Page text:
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Evaluating the Reach, Quality, and Impact of Computer Science for All in NYC

About Computer Science for All (CS4All)

CS4All is a 10-year, $81 million public-private partnership between the City of New York and the private sector, designed to bring computer science education to every student in NYC public schools. Early in 2016, President Obama announced a similar nationwide push to expand computer science education and position students for success in our technology-driven world.

NYC’s initiative aspires to give students meaningful computer science (CS) experiences, building on prior exposure and skills, in all three grade levels: elementary, middle, and high school. To facilitate these learning experiences, a key component of CS4All is the scaling up of computer-science-focused professional development to nearly 5,000 teachers throughout the system.

CS4All aims to equip the City’s students to be active creators of technology rather than merely consumers, thus preparing more students for the technology workforce. This includes an emphasis on computational thinking and problem solving abilities—widely applicable skills that are important for a range of careers. CS4All’s goal is to ensure access to high-quality computer science education for all NYC students.

About Our Evaluation

In 2016, the CS4All Founders Committee—which includes representatives from the New York City Department of Education, City Hall, the Fund for Public Schools, CSNYC, the Robin Hood Foundation, the Robin Hood Education and Technology Fund, and Math for America (MƒA)—selected the Research Alliance to evaluate the initiative, in collaboration with Education Development Center (EDC).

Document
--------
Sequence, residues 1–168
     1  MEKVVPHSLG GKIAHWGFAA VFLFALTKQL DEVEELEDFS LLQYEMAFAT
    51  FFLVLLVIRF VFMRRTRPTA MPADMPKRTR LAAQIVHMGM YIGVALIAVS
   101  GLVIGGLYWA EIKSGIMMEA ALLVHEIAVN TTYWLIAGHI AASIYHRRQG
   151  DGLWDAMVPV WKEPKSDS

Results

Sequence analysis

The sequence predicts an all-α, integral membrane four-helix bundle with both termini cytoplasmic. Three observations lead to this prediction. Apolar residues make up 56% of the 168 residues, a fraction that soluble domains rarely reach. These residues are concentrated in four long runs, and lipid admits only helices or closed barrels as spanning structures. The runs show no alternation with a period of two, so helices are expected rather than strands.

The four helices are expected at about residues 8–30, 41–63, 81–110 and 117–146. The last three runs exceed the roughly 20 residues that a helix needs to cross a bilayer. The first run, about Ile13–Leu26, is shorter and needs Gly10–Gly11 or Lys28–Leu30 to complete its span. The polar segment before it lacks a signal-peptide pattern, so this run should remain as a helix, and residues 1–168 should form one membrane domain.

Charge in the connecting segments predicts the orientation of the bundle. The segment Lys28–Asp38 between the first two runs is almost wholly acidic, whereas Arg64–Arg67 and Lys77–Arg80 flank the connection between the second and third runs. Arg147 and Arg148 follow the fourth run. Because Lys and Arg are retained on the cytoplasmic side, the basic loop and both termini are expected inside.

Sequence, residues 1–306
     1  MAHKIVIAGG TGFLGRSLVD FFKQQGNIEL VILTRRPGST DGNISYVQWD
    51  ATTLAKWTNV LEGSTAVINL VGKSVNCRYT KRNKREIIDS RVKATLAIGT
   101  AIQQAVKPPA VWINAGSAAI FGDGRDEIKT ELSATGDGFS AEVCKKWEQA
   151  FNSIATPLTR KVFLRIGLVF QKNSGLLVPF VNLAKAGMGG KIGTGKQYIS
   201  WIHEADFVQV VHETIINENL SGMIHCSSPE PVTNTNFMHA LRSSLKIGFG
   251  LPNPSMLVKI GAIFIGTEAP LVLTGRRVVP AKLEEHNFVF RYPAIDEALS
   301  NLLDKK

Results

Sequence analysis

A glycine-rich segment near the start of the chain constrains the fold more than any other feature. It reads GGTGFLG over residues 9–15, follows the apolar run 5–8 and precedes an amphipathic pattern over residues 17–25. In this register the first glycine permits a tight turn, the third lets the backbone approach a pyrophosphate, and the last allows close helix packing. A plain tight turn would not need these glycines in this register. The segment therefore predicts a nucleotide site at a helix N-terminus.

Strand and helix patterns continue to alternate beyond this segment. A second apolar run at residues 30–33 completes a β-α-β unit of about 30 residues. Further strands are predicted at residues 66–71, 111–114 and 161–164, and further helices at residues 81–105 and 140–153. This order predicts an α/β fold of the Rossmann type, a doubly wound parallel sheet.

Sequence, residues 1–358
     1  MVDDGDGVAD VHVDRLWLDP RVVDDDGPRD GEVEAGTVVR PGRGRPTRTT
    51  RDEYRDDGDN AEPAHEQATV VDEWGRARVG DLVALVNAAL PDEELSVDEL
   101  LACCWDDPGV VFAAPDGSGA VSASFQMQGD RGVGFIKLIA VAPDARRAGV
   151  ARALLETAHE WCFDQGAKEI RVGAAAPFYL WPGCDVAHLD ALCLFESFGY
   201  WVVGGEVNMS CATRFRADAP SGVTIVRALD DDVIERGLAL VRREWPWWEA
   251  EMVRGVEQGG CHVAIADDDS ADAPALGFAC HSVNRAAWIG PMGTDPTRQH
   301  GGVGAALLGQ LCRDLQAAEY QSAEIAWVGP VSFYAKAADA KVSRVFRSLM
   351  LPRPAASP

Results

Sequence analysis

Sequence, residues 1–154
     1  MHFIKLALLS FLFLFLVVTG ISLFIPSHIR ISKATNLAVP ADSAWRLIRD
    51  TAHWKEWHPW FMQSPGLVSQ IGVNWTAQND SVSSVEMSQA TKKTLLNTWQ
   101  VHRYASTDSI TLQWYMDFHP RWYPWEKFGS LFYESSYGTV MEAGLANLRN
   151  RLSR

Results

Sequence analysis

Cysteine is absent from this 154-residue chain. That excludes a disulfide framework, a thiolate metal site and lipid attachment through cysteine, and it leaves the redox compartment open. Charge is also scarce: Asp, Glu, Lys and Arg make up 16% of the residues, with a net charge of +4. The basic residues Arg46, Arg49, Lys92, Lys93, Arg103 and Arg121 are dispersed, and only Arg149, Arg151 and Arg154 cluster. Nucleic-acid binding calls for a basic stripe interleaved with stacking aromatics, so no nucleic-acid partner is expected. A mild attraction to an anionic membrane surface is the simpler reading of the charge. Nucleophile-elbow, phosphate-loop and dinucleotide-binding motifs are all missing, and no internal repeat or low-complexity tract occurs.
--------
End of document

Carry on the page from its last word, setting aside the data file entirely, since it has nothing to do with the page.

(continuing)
The nine-year evaluation will answer important questions about the implementation and impact of CS4All for NYC students, schools, and teachers. The study will examine how the initiative is being rolled out in schools across the City, as well as how professional development is being organized, how it is being accessed by teachers, and how it is shaping their classroom practices.

We will also measure short- and long-term student outcomes, including computer science knowledge and skills, as well as other measures of academic achievement, engagement, and non-cognitive outcomes, such as students’ sense of belonging and their awareness of computing careers and applications. The evaluation will focus on understanding how CS4All affects different groups of students, particularly those who are typically underrepresented in computer science and other STEM fields (e.g., girls and Black and Latino students). Research methods will include interviews, surveys, and document reviews, along with analyses of teachers’ participation in professional development and data on students’ characteristics, course taking, and outcomes.

Lessons learned from the evaluation will support the ongoing implementation of CS4All in NYC, and provide knowledge to help inform similar efforts in other cities.

This study is funded through the Fund for Public Schools.

Related Publications

The Research Alliance for New York City Schools